I'm a charitable person. But this Red Nose Day, Comic Relief will not see one red cent of my hard-earned cash, and they won't see any again until they stop allowing their shindig to be hijacked by hateful, transphobic 'comedians' like Peter Kay. Because transphobia is just not funny. Ever.


  1. Comic relief are shite.

    The disabled people's movement hate 'em too, and probably a few more movements besides. Much like a lot of other bullshit high-viz charity stuff, a pile of disrespectful crap targetted at Joe Average gets pushed out, intermittently either poking fun at the rest of us, or reinforcing our status as sad victims of circumstance who need saving in a completely ineffectual twice-yearly feel-good telethon campaign distracting everyone from the freezing and slashing of budgets for services which actually *do* provide an effective solution, and foreign (and business) policy continues to reinforce poverty in the global south.

    The placard slogan within the disabled people's movement about this sort of thing is "piss on pity".

  2. This is the best blog - apart from my own! - I have read in a very, very long time. Superb. I am really impressed by it!

    You kind of beat me to it too I have to say... it really got me when I saw that there was going to be the 'first transsexual woman' on Loose Women because I really thought it was going to be a genunine trans woman. I am that stupid. There's something SO wrong about the way they are making a joke about that, it basically tells us that the thought of having a real life trans woman speak on the show is something that not a single person involved put their hand up and said "Actually, that would probably be quite a good idea." It's like, I don't know, I haven't watched every episode (not watched for years actually) but let's say they'd never had a woman in a wheelchair on before. That would be pretty bad. But maybe we could excuse the show-makers, maybe it had just worked out that way or whatever. But imagine if someone joked about having the first woman in a wheelchair on the show. I am quite sure that everyone would actually be quite ashamed that that was the situation, and wouldn't want to go along with the joke. But this suggests that they can never imagine having a trans woman on. It's like having the first talking dog on the show or something, it's just an absolute piss-take.

    Out of all the things I see in the media, sometimes just little things like this really bother me and I can't quite explain why. Maybe because it's all so daytimey and charidee and something all the family can sit and laugh at. Just makes me feel like a twat. Makes me feel like I could never go on Loose Women.

    Not that I'd want to.

  3. Very perceptive comment, Paris! You've hit the nail on the head, I think, with your observation that the 'humourous' nature of having a (fake) trans woman on the show indicates that they'd never consider it seriously - and don't understand how that refusal to take real trans women seriously is a problem.

    And as you say, the fact it's 'so daytimey and charidee' and fun for all the family makes it even worse. It makes me feel the way I imagine Asian people, or cis gay people must have felt in Britain in the 70s - we're surrounded by a culture which - in its most mainstream forms - treats us as a joke. It's horrible.

  4. This is an excellent piece, Adam. More power to your elbow. Do keep up the good work.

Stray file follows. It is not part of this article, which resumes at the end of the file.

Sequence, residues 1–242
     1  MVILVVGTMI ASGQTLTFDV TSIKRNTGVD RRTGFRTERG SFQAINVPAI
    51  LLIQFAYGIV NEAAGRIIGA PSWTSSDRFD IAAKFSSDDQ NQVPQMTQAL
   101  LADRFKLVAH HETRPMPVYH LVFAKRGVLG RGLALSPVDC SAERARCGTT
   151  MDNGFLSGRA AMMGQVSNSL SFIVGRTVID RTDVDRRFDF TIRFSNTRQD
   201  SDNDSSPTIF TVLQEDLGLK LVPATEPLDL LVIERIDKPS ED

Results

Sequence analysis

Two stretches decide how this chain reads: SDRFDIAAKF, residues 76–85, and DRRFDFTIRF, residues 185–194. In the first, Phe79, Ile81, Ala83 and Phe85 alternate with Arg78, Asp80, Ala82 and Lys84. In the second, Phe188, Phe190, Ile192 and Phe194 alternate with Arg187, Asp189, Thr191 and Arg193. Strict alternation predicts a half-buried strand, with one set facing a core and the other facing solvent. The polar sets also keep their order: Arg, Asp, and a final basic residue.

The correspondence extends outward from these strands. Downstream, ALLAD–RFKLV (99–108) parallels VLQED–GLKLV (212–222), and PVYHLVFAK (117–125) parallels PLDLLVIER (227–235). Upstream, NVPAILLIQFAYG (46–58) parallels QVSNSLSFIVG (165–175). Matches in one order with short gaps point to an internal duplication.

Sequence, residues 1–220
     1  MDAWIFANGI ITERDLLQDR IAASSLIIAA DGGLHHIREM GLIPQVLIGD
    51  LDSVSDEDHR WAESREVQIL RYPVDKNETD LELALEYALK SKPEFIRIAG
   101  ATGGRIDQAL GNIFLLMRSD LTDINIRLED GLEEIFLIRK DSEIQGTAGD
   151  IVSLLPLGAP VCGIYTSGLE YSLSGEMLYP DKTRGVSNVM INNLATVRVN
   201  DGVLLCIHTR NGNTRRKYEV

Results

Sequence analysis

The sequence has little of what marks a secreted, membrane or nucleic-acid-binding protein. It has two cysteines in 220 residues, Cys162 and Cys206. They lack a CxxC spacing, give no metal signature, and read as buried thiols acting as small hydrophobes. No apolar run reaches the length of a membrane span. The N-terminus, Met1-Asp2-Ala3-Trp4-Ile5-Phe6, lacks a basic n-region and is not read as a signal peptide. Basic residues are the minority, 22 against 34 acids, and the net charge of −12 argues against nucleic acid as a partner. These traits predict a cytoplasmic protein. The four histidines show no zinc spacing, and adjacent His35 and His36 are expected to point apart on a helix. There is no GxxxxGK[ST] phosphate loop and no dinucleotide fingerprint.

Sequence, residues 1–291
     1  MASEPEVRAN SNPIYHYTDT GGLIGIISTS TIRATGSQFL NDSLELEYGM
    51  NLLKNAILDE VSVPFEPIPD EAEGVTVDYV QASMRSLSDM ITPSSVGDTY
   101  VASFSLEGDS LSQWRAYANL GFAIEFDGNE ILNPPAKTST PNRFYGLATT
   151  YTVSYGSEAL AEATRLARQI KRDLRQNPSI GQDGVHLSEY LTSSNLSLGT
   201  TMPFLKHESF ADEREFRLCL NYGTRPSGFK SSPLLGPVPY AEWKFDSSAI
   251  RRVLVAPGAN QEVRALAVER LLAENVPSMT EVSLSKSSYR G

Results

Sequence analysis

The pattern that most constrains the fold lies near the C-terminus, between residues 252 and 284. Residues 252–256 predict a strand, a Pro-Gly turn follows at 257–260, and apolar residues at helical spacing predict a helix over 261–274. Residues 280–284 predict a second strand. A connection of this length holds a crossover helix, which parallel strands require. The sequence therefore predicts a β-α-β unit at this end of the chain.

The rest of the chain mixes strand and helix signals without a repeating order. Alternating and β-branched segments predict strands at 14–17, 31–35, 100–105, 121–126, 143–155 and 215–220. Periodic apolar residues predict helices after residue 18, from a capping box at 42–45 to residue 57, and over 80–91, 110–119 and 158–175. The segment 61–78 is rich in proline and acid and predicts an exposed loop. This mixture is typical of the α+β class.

5. I sat here reading your post with Friends on in the background and the advert break come on - including an advert for a repeat of a Peter Kay show with him dressed as the character he appeared in Loose Women as. Oh dear Channel 4, such a let down so so quickly.

  6. What can I say? Brilliantly put.

    I purposely turned my back on the whole of Red Nose Day and listened to vintage comedy from Radio 7 on the iPlayer instead. You know .. the sort of stuff which took real talent and effort to write and wasn't built on denigrating anyone for laughs.

    Why should I support something that gratuitously takes the piss out of groups whose equality I work to advance?

  7. There are plenty amongst us in the transgender world who would be far better panelists than Peter Kay in drag. What about Natacha Kennedy? Roz Kaveney? Lisa du Preez? Lauren Harries? Stephanie Anne Booth? Myself? April Ashley? Caroline Cossey?

    To be honest, Comic Relief/Red Nose Day has had its day long ago. I personally do not support it and never have done as I support my own charities. And it is about as funny as toothache. Also, I will NOT support an organisation that insults people like myself.

  8. VERY well written Emily. Unsurprisingly, I sent everything I was going to donate to Comic Relief to the Save The Children Japan Tsunami Fund instead, Glad I did in more way than one.

  9. Just had a look at the Comic Relief website; here are some of the things they support;

    Young People & Mental Health
    Young People & Alcohol
    Sexually exploited and trafficked young people
    Domestic and sexual abuse

    All issues which are faced by trans people, young trans people in particular. yet Peter Kay's actions are all contributing to making these things worse for these people.

  10. Hi Adam,

    couldn't find a way to email you about this, so I am using the Post a comment bit...

    After reading this, I am trying to get an article in the Guardian about it, hope you don't mind me taking inspiration from this, but I think CR needs to be made to take responsibility for its actions, and may be susceptable to a little bit of pressure.


  11. Hi Natacha! I'd be honoured if you were to refer back to this post or its arguments in your article. I hope you do manage to get it in the Guardian, you're absolutely right that CR need pressure putting on them to take responsibility for this and acknowledge what they've done. Take whatever you need! (is it cheeky to ask for a hat-tip if it gets published?)

  12. Great post. I avoided all the Comic Relief palaver because of the attitudes things like that promote about disabled people. As a result of that, I didn't know that this godawful Peter Kay character was being used in this way. Thanks for backing up my suspicions that people will exploit / take the piss out of any and every marginalised group when they feel they have an excuse.